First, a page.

Trademarks1 are an important aspect in protecting the goodwill of a business by protecting marks associated with a business from being used by competitors. A trademark is not necessarily just a logo it can also be a word, phrase, sound, smell, colour, movement or picture. Trademarks which are commonly recognised are the Mcdonald's big 'M', or the Nike slogan 'JUST DO IT'.
Trademarks are not always easily registered as other competitors may dispute their registration or the mark may already be trademarked. A recent example of the difficulty with trademarks is a dispute between Australia and New Zealand honey producers over the term "Manuka" in relation to honey.
Manuka honey2 is a valued product claimed to be a superfood and to also have medicinal properties. The term "Manuka" is the Maori word for the plant that the honey comes from. It is not only produced in New Zealand but also in Australia.
Australian honey producers have been exporting Manuka honey for over a decade however they may now be prevented from doing so in China if the New Zealand Manuka Honey Appellation Society3 ("Society") establishes the right to trademark the term "Manuka" within China. The Society have already failed to register the trademark in the United Kingdom and Europe.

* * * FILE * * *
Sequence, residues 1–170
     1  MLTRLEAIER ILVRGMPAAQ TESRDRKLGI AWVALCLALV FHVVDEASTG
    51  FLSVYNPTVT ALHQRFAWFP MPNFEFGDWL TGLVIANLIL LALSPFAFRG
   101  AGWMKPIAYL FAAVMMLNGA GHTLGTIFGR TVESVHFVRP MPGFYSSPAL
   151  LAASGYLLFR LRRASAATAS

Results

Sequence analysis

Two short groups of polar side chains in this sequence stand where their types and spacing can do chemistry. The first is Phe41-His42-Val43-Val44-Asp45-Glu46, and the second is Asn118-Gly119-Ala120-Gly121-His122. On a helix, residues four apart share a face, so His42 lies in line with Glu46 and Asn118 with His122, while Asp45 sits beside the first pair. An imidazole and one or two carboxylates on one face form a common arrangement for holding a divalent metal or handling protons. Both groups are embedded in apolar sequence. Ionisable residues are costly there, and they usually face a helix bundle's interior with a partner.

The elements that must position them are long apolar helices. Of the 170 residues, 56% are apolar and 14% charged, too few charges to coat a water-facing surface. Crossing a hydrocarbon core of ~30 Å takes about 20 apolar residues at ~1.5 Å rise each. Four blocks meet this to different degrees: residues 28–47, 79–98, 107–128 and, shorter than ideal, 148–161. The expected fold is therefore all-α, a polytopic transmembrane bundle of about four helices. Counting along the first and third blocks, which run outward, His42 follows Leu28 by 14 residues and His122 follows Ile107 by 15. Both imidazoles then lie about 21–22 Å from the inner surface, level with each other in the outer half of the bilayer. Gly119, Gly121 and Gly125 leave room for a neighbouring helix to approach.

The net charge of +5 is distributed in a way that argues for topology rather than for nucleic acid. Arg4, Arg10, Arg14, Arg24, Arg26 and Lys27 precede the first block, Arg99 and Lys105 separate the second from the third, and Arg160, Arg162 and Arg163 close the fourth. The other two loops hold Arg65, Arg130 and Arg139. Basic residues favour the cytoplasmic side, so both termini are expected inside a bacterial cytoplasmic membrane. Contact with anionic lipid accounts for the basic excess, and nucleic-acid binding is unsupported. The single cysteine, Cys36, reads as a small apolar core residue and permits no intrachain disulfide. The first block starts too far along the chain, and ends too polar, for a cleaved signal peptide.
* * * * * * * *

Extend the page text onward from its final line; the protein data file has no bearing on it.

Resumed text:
China has a 'first-to-file'4 rule meaning that the Society may be successful in registering the trademark in China and preventing Australian companies from exporting honey branded as 'Manuka' to China. Australian honey producers could continue to sell Manuka honey in Australia and other countries however they would be unable to do so within China which could have devastating effects on the Australian honey industry.
Australian trademark laws and how this relates to your business
Whilst you may not be looking to register your trademark in China, you may need to protect it within Australia. Australia does not have the same regulations around trademarking as China. If a trademark is not registered in Australia then you may have a common law claim over the mark if it has already been used by your business extensively however a common law claim can be difficult to prove. Having a registered trademark makes it easier for you to take legal action to prevent others from using your mark.
It is important to be aware of the limitations of rights when a trademark has not been registered and what your rights are in relation to a registered trademark.
The content of this article is intended to provide a general guide to the subject matter. Specialist advice should be sought about your specific circumstances.